5. A two-stage collapsible steering wheel comprising a rim, a hub, and an inverted impact cone structure having its large diameter end axially spaced from said hub and its small diameter end attached to said hub, spoke means connecting said rim to said large diameter end of said cone structure, said spoke means being constructed and arranged to be torsionally stiii and axially resilient, said spoke means normally maintaining said rim in noncoplanar relationship to the large diameter end of said cone structure but permitting axial movement under an axially applied impact load to provide a iirst stage of collapse of said steering wheel, said impact cone structure comprising a series of stepped portions of decreasing diameter, said stepped portions being adapted to telescopically and deformably collapse with energy absorbing eect under an impact load in excess of that capable of causing movement of said rim toward said hub to provide a second stage of collapse of said wheel.

6. A two-stage collapsible steering wheel comprising a rim, a hub, an inverted impact cone structure having its large diameter end axially spaced from said hub and its small diameter end attached to said hub, spoke means connecting said rim to said large diameter end of said cone structure, said spoke means being constructed and arranged to be torsionally stii and axially resilient, said spoke means normally maintaining said rim in noncoplanar relationship to the large diameter end of said cone structure but permitting axial movement under an axially applied impact load to provide a first stage of collapse of said steering wheel, said impact cone structure comprising a series of stepped portions of decreasing diameter, said stepped portions being adapted to telescopically and deformably collapse with energy absorbing effect under an impact load in excess of that capable of causing movement of said rim toward said hub to provide a second stage of collapse of said wheel, a hub pad of resilient material, and means supporting Said hub pad above said impact cone structure.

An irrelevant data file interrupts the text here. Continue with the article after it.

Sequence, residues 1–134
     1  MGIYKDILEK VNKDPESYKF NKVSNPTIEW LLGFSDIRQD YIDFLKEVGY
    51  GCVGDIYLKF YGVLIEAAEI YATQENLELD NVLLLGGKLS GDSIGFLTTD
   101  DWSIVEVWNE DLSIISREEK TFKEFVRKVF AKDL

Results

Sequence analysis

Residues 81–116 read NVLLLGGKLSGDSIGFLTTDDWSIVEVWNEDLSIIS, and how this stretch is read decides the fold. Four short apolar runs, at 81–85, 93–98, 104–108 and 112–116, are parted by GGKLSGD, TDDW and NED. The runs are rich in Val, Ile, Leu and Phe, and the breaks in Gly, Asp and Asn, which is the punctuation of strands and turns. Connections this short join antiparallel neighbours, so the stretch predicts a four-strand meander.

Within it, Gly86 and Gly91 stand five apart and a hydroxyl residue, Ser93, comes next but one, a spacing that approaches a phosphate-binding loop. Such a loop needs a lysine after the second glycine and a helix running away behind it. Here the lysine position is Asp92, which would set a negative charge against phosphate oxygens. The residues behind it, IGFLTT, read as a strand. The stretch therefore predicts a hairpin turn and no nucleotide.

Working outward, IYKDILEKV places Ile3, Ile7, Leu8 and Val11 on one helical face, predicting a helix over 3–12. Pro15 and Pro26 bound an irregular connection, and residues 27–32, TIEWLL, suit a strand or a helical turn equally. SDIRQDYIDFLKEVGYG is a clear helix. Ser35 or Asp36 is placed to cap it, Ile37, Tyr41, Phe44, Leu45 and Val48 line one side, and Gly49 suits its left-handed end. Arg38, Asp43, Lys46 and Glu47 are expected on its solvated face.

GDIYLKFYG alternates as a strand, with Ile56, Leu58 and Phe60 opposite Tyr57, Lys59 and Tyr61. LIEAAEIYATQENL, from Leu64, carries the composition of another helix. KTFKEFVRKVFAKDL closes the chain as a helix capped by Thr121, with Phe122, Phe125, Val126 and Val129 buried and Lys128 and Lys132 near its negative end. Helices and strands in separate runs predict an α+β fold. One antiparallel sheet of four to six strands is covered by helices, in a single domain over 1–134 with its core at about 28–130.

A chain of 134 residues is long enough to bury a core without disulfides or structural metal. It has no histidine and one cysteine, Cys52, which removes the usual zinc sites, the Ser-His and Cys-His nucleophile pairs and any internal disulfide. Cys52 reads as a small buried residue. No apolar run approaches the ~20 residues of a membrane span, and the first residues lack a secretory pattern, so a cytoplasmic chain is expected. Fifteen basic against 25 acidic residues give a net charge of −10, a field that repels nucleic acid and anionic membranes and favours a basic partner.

7. A two-stage collapsible steering wheel comprising a rim, a hub, an inverted impact cone structure having its large diameter end axially spaced from said hub and its small diameter end attached to said hub, spoke means connecting said rim to said large diameter end of said cone structure, said spoke means being constructed and arranged to be torsionally stiff and axially resilient, said spoke means normally maintaining said rim in noncoplanar relationship to the large diameter end of said cone structure but permitting axial movement under an axially applied impact load to provide a tirst stage of collapse of said steering wheel, said impact cone structure comprising a series of stepped portions of decreasing diameter, said stepped portions being adapted to telescopically and deformably collapse with energy absorbing effect under an impact load in excess of that capable of causing movement of said rim toward said hub to provide a second stage of collapse of said wheel, a hub pad of resilient material, and means supporting said hub pad above said impact cone structure, said pad comprising an annular member having maximal thickness over the rigid periphery of the impact cone structure.